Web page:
Should I consider renting back to vendor?

by Readers Question

8:10 AM, 5th August 2016
About 2 years ago

Should I consider renting back to vendor?

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Should I consider renting back to vendor?

I am a first time buyer considering buying an ex-council flat on a buy-to-let mortgage. The seller who lives there with his family is suggesting I let it back to him while he looks for a property to buy. thinking

I am concerned he may have an agenda to try and become a sitting tenant. For example if he started to claim benefits.

Has anyone experienced such a situation?

Would it be best to either wait potentially indefinitely for the seller to find a property or terminate proceedings altogether.

Any advice gratefully accepted

Justin



Comments

Neil Patterson

8:12 AM, 5th August 2016
About 2 years ago

Hi Justin,

There are many lenders that will not allow the vendor to live in the property after the sale as they can see this as a sale and rent back agreement which they consider can affect access to their security. Therefore you will need to check this.

Ross McColl

10:55 AM, 5th August 2016
About 2 years ago

Steve Bower

12:56 PM, 5th August 2016
About 2 years ago

Definitely avoid unless you are registered with FCA - could get in a lot of trouble, aside from any tenancy issues.
Much better to give him, say 6 months rent (deducted from price) to take another property. You could even find it for him, if the deal is good enough.

Check though any restrictive covenants on the property as ex-council, and also check on the repairs element of the lease - have heard of private buyers being hammered for roof repairs on a part council-owned block

Kate Mellor

16:55 PM, 5th August 2016
About 2 years ago

I would have thought that 'sale-and-rent-back' is only relevant to those who have sold their house at a discount with a pre-agreement that they can continue to rent the property - long term. All the risk is on the side of the seller as they are getting less for their property than they could on the open market and can still be evicted. You can prove that this does not apply in your case as presumably the seller marketed the property with an agent on the open market; you're purchasing at full market value with a surveyors valuation as evidence and if needs be your seller can make a declaration with their solicitor that they are not selling with any discounted arrangement in exchange for being allowed to rent back their property.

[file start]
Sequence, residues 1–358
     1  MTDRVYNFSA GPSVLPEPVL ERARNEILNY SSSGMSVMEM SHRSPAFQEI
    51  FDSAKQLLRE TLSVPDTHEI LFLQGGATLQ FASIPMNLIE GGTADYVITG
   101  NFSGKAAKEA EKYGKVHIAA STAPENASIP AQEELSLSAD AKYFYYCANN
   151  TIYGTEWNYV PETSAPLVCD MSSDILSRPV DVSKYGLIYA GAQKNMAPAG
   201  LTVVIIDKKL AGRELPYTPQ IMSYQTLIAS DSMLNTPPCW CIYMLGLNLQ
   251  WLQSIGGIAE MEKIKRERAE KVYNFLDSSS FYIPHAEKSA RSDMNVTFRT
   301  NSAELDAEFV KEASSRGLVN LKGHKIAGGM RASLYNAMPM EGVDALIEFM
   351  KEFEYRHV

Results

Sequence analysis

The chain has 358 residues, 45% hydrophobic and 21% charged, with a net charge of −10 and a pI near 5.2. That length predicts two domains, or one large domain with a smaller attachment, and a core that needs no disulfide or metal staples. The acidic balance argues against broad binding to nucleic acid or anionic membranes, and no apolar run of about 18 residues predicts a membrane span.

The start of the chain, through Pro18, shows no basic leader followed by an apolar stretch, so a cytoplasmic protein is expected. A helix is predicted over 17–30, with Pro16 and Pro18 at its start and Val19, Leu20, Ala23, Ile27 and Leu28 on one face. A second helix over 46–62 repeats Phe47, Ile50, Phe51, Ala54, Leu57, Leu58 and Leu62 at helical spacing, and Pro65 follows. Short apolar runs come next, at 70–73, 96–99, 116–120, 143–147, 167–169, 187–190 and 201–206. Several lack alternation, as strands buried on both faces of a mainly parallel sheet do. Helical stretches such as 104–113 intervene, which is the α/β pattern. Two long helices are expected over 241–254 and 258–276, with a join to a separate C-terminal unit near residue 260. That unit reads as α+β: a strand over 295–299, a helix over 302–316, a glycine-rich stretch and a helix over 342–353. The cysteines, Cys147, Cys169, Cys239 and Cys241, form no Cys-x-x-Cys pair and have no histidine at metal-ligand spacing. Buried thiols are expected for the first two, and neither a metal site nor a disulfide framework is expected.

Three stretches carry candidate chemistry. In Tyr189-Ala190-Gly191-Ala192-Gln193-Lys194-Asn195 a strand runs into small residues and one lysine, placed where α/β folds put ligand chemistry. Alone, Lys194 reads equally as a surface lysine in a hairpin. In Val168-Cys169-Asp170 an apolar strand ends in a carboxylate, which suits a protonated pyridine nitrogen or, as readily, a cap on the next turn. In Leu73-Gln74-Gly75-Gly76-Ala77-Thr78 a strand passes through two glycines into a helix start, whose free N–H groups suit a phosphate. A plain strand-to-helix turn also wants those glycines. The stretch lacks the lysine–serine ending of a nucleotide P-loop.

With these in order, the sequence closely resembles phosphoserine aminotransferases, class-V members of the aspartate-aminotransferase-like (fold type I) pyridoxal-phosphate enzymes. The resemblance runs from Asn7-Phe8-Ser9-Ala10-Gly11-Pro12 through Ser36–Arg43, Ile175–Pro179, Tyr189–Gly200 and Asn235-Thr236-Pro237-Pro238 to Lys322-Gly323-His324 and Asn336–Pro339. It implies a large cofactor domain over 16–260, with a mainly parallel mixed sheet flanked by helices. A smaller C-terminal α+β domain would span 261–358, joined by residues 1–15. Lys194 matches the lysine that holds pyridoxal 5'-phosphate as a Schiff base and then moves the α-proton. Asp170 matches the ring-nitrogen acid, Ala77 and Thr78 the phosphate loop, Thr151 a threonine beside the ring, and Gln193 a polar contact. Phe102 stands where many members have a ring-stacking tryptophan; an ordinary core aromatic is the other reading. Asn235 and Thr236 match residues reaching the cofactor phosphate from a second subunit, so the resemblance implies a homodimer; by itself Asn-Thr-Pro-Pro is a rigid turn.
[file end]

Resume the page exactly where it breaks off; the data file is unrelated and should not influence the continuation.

If your intention is to let the property anyway and you would be happy to accept them as tenants if they had applied to rent the property in the normal course of business, then I would simply consult my solicitor and if they couldn't see any legal issue with it, I'd incorporate the paperwork into the completion process and you could even ask for the 6 months rent and the deposit in advance on completion ie. deduct it from the sellers sale proceeds as long as they are in agreement.

Lenders normally exclude the new owners/borrowers or their relatives from being tenants in a property with a BTL mortgage, I have never personally seen an exclusion on a BTL mortgage of a FORMER owner as a tenant, but again, your solicitor will be able to give you clear and accurate advice on this as they are also acting for your lender (I would assume).

Have the seller sign a standard 6 month AST at the point of exchange of contracts (or later) bearing the same date as has been set for Completion. At least you know that they can afford the rent and you won't have a void period or any costs associated with preparing the property for letting, or sourcing a tenant.

Ensure that you provide your NEW TENANT with all the necessary legal paperwork, just as you would with ANY tenant, don't assume that you needn't provide them with a copy of the EPC for example just because they will already have this information from when they marketed the property, (although you can use the same one provided to you in the purchase process as they are valid for 10 years).

Just go through all the motions and tick all the boxes. That way you will not leave yourself open to anything, and you will be able to issue a valid Section 21 notice should you need to.

Get a Landlords Gas Safety Certificate issued between Exchange & Completion (with the consent of the vendors), a copy of which needs to be provided to them in their capacity as new tenant. Do all the Right to Rent checks, protect the deposit in a recognised scheme; issue the Prescribed Information and have them sign a condition report and take dated photographs to ensure that you can claim against the deposit for any damage or unpaid rent when they do move out. Specifically photograph any known pre-existing damage so that you are in agreement with the tenant that this pre-dated the tenancy. This is not an exhaustive list, so make sure you have done your homework and you know what your responsibilities are as a landlord.

You don't say what your experience is with BTL so I apologise if I'm preaching to the choir here. 😉